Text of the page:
I realize that the story as you describe it deals with the question of the death penalty, but my interest is mainly in the prison system as storage -- and the fact that most criminals are worse when they get out.

    Recently, however, I've been fascinating with the remarkable turn-around of our own Angola, which has gone from one of the worst prisons in the country to a model system within a remarkably short time.

  2. I agree that the death penalty is a very touchy subject, Jenclair. Books like this one remind me that life in prison is probably worse than execution for many murderers. I can't imagine being locked on death row for over a decade waiting for things to play themselves out one way or the other.

    I'm for the death penalty in this state primarily because we don't seem to have anything like a sentence of "life without possibility of parole." For that reason, some animals have been turned back out into the streets to kill again. Sadly, many of them are dumped by the prison system right here in Houston or in Dallas.

    I live just 40 miles or so south of where the death penalties are carried out in Texas, so I suppose that I'm more used to, and accepting of, the whole idea. Nothing I've read has ever changed my mind.

  3. I like what the Harris County DA said years ago: "If you don't like the death penalty, don't commit murder in Texas."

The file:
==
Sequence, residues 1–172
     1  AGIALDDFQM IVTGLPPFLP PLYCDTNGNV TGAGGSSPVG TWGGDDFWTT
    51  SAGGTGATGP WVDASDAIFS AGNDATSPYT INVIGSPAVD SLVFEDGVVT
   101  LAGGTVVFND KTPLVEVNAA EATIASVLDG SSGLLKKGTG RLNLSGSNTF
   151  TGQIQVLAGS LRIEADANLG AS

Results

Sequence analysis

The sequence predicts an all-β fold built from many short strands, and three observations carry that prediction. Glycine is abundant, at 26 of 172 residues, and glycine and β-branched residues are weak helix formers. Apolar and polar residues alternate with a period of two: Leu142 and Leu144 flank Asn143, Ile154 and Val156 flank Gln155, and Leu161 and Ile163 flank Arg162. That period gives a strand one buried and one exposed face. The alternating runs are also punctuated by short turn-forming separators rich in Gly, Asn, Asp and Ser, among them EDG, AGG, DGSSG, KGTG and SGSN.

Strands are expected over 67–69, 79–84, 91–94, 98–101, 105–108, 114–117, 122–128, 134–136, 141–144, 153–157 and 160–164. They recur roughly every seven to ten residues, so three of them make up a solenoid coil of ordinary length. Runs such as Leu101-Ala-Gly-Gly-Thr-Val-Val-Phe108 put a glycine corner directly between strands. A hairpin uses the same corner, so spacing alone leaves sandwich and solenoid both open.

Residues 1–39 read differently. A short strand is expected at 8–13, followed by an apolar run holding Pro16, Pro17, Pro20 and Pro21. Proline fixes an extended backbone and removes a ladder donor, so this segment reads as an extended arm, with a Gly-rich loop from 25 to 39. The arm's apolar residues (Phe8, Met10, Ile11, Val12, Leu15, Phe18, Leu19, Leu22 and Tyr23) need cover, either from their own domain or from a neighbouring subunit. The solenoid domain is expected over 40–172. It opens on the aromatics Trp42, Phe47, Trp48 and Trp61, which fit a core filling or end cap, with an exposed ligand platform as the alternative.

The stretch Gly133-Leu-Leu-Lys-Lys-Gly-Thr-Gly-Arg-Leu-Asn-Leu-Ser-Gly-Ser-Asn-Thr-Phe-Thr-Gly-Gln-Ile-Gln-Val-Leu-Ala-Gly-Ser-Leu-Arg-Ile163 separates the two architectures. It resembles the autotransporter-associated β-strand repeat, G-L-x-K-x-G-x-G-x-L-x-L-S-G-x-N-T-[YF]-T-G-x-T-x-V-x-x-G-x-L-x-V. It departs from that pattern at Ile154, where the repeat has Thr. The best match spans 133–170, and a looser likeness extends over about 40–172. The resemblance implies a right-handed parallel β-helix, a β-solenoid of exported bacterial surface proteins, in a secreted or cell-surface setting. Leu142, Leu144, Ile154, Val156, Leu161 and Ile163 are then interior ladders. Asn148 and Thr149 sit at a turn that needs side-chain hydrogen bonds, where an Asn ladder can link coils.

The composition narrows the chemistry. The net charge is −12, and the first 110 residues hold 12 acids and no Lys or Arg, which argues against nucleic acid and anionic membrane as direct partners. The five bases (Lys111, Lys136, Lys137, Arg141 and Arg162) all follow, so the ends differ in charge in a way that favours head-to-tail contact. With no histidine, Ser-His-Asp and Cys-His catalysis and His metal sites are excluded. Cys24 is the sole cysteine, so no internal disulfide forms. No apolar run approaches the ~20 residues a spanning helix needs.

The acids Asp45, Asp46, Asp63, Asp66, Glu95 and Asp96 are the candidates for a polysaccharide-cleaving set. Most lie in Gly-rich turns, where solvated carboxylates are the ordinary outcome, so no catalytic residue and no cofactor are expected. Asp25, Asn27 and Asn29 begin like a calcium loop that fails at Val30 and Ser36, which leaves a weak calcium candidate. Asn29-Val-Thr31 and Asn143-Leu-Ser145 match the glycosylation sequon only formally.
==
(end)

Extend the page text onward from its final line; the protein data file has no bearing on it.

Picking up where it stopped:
(Although I am against the death penalty and fully in favor of "in prison until you die.")

  4. Thanks so much for your very thoughtful review of my novel. It's a thrill to log on and see someone considering my work with such intelligence. Hope it's warmer for you ... Austin is freezing these days.

  5. "I found instead that the strength of her work is the way that she made me think about all the issues surrounding the death penalty without beating me over the head with them."

    That's the best kind of writing when it comes to hot-button "issues."

  6. I remember when he said that, factotum...was that Johnny Holmes...can't remember for sure.

    I would prefer sentences of life without parole rather than the death penalty, partly because it seems to be a tougher price to pay than a quick death, and partly because it stops the killing. But until this state has such a sentence, I've got to be content with the death penalty alternative that we do have.

  7. Amanda, thanks so much for taking the time to leave such a nice comment.

    It's been pretty miserable here in Houston for the last few days but today was a big improvement, with a little sunshine and weaker winds. I'm ready for spring now that we've had our week of winter weather.

    BTW, I really enjoyed Forgive Me when I read it earlier this year. Your ending was really fun and I enjoyed the fact that you fooled me right up to the last minute. Great book.

  8. Heather, I totally agree with that. A little subtlety goes a long way in making a point.

  9. This sounds like a very good book and I loved this review. I don't like novels that are preachy.

    Thanks for the review, I think I'm adding this one to my wish list.

  10. I hope you enjoy it, deb, and that it makes you think the way that it did me. It's a really good first novel, IMO.